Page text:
HRT Linked to Women's Hearing Loss

Peter Russell

May 12, 2017

Women who take hormone replacement therapy (HRT) to help alleviate symptoms of the menopause may have an increased risk of hearing loss, a study has found.


Some previous studies have indicated that the menopause itself may make women more likely to experience hearing loss, perhaps due to the reduction in the hormone oestrogen circulating in the body. Under these circumstances, replacing naturally occurring oestrogen with HRT would be expected to protect hearing.


Long-Term Health Study

To investigate the role of the menopause and HRT as risk factors for hearing loss, researchers at Brigham and Women's Hospital in the US examined data on 80,972 women enrolled in a long-term health study.


During the study period 23% of the women self-reported hearing loss.


They found that the risk of hearing loss among women who took HRT for between 5 and 9.9 years was 15% higher than for those women who did not.


Those who took HRT for longer had a higher risk of hearing loss. Those taking the therapy for 10 years or longer had a 21% higher risk of hearing loss.


Overall, the researchers did not find any significant link between the menopause and hearing loss. However, the risk was higher among those women who experienced a later menopause.


The researchers behind the study, which is published in the journal Menopause, say the role of sex hormones oestrogen and progestogen in hearing is complex and not fully understood. Also, they are unable to prove cause and effect because of the observational nature of their investigation.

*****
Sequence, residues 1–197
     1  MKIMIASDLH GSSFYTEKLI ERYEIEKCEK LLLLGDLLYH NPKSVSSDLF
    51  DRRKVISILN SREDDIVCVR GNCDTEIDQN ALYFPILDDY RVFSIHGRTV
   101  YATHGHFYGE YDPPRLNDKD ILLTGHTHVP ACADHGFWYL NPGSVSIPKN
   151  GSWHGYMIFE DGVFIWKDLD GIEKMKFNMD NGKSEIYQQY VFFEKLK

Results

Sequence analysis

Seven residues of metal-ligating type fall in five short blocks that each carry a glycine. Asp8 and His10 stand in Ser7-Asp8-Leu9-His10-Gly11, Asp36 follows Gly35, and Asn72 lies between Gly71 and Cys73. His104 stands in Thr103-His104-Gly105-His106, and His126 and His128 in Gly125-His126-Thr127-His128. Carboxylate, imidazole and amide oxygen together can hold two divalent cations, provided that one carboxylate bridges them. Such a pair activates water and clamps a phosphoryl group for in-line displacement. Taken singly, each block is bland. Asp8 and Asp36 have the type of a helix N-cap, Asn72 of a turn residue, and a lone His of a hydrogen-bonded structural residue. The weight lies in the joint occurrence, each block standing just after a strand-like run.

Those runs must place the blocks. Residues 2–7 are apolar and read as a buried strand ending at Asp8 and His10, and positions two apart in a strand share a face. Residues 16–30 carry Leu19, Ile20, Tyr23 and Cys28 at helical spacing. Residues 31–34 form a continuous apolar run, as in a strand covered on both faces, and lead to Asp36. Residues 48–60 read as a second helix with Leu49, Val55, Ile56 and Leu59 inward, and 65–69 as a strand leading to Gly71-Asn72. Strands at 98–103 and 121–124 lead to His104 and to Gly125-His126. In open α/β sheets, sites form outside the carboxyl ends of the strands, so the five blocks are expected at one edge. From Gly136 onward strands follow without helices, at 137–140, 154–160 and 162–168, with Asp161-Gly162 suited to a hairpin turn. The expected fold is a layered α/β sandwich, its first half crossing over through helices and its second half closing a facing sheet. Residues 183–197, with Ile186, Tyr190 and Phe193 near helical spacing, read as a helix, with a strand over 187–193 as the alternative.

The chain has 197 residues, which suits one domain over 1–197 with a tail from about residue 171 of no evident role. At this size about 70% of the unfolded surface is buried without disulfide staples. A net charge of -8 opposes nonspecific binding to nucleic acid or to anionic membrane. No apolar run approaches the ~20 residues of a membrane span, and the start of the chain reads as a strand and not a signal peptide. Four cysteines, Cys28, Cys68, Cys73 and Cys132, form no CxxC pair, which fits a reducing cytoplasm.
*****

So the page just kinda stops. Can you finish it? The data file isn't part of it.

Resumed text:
Risks v Benefits of HRT

Nevertheless, they say their findings suggest that the future of their hearing should be a consideration for women when they weigh up the risks and benefits of HRT.


Replacing female hormones with HRT is an effective way of relieving some of the symptoms of the menopause that include hot flushes, night sweats, vaginal dryness and loss of sex drive.


Commenting on the study in an emailed statement, Dr Heather Currie, chairman of the British Menopause Society, says: "This type of trial relies on women's self-reported hearing loss and does not prove that HRT causes this – only that there may be an association.


"This should not terrify women and, as we have always said, the decision about HRT should be an individual choice based on the balance of benefits and risks."


Menopause and postmenopausal hormone therapy and risk of hearing loss, Curhan S et al, Menopause

Brigham and Women's Hospital

British Menopause Society